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Extreme pH Suitable Tank Material

What's the best material for a process waste treatment tank that can handle Ph 1 through 12 for neutarlization to ph 6 at 80-90 deg. C. Also needs longetivity since proposed location requires opening up a roof. Don't want to do that every 5 years. 'Would appreciate all feedbacks.

MF Gomez
- Paramus, New Jersey

My opinion: vinylester fiberglass.

Ted Mooney,
Ted Mooney, P.E.
Striving to live Aloha - Pine Beach, New Jersey

First of two simultaneous responses -- 2003


It's not a good thing to argue with Ted ... but what he said about using fibreglass, (at least he picked the best resin type) is only right in the short term. Furthermore, fibreglass constructions are not homogenous like thermoplastics and they sure can wick if scratched. Nor do they like strong acids, either!

The answer is to use a dual laminate ... but which one? Due to your temperatures, then you'd have to go to one of the weldable fluorocarbons such as FEP, HALAR or Tefzel. (You can't use PVDF due to its dislike of high pH, nor can you use CPVC due to the given temperature range).

These are expensive. They normally come with an etched backing onto which the fibreglass can be bonded to. Material thicknesses of 0.060" are too thin for good welding, so use min. 0.090". This work MUST be done by an expert Company used to armouring the weaker thermoplastic with fibreglass and fully familiar with tank construction (i.e., all corners are radiussed, for example). Further, if you had a well made thermoplastic liner and went to the best all-fibreglass shop in the world, it would FAIL ! Which is why you must only go to a fully accredited dual laminate fabricator.

freeman newton portrait
Freeman Newton [deceased]
(It is our sad duty to advise that Freeman passed away
April 21, 2012. R.I.P. old friend).

Second of two simultaneous responses --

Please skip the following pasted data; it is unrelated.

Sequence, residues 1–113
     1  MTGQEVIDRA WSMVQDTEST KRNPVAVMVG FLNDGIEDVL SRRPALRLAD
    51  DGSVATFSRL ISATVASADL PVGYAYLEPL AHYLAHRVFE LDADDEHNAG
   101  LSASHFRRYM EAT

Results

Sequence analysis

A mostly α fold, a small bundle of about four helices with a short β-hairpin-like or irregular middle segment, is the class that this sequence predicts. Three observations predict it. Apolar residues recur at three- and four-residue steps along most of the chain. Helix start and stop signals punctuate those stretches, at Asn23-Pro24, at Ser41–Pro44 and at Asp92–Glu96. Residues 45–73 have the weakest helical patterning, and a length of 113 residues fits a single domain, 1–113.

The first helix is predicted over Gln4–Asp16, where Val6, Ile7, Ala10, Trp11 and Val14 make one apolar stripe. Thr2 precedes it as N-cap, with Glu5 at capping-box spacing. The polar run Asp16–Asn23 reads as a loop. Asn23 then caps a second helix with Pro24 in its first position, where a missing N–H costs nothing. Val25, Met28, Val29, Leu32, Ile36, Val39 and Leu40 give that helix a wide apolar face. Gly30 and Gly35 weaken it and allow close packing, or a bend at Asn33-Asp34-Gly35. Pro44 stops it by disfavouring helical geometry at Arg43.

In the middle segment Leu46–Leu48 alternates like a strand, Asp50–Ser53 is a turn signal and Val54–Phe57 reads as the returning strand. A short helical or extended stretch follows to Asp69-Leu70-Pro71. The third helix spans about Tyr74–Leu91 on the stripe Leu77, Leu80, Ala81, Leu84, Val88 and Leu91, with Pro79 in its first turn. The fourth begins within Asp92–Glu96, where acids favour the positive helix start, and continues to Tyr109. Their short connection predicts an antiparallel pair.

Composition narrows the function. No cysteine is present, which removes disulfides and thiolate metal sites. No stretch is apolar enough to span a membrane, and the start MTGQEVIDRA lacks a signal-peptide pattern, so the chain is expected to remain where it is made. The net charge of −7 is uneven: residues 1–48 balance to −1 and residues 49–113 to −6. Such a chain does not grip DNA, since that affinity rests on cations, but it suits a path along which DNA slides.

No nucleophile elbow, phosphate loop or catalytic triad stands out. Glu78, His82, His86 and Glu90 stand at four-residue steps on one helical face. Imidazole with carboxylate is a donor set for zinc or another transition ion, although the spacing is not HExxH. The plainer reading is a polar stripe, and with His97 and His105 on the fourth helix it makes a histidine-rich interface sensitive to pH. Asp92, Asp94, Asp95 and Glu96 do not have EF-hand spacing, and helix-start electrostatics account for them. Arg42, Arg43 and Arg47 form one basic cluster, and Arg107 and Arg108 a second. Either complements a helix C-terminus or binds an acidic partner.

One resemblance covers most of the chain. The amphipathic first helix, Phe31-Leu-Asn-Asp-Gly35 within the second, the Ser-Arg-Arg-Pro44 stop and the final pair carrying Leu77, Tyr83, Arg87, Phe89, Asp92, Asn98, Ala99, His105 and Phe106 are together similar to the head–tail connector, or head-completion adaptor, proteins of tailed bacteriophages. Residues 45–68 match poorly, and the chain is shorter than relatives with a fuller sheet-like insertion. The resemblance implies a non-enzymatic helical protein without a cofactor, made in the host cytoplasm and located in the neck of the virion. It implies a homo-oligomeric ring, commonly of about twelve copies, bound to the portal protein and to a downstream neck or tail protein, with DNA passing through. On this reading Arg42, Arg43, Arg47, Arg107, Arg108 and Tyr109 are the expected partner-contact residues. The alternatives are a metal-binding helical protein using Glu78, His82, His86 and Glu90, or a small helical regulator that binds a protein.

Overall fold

My opinion is 1/2 inch polypropylene with a fiberglass shell. Do not overlook the possibility of vinyl liners. they stand most chemicals well, but 90C will require a special liner. They soften and stretch like crazy at this temp and will not withstand much abuse at that temp. You also have not said what the chemicals will be. This makes a massive difference in what you select, especially in stainless steel.

James Watts
- Navarre, Florida


Re James's suggestion of PP, ah, well it could work at lower temperatures but the FRP shell would have to be a real loose fit as the difference of the coeff. of expansion between fibreglass and PP is around 7:1 ! This is why dual laminates have taken off (N.A.C.E. have now, I believe, a library on how to make them, testing, etc. ...and for the record, the first ever paper on them was in l974...mine).

Further, as he correctly points out, you did not state what acids you'd be using ... and if nitric, ah, oh dear, then PP is a no-no. Go the archives, if you are interested, and have a look at # 8169.

Upon reflection maybe the CPVC:FRP dual laminate material is OK at max. 90 °C and it would certainly cost far less than the fluorocarbons.

freeman newton portrait
Freeman Newton [deceased]
(It is our sad duty to advise that Freeman passed away
April 21, 2012. R.I.P. old friend).

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